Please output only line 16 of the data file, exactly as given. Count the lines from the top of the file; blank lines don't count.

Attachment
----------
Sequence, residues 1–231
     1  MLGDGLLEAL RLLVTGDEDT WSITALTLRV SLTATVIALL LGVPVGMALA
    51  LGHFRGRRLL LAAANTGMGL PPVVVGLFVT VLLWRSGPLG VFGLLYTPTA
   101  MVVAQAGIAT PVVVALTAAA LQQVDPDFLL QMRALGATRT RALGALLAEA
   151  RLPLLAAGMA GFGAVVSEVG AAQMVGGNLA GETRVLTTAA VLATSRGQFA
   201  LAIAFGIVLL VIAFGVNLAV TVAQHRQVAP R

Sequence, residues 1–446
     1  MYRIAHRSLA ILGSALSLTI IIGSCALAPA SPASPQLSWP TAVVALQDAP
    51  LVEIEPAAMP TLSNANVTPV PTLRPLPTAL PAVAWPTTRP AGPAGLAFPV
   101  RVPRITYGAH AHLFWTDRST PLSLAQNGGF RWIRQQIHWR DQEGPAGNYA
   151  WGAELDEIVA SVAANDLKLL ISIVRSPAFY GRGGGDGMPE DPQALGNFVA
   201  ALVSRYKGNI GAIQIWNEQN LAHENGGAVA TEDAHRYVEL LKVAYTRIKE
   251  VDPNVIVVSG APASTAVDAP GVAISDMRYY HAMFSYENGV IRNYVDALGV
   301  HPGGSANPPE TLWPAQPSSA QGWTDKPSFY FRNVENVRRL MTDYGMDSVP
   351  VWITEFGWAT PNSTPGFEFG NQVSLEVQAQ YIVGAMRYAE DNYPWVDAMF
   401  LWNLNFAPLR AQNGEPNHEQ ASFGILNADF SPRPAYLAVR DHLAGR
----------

   401  LWNLNFAPLR AQNGEPNHEQ ASFGILNADF SPRPAYLAVR DHLAGR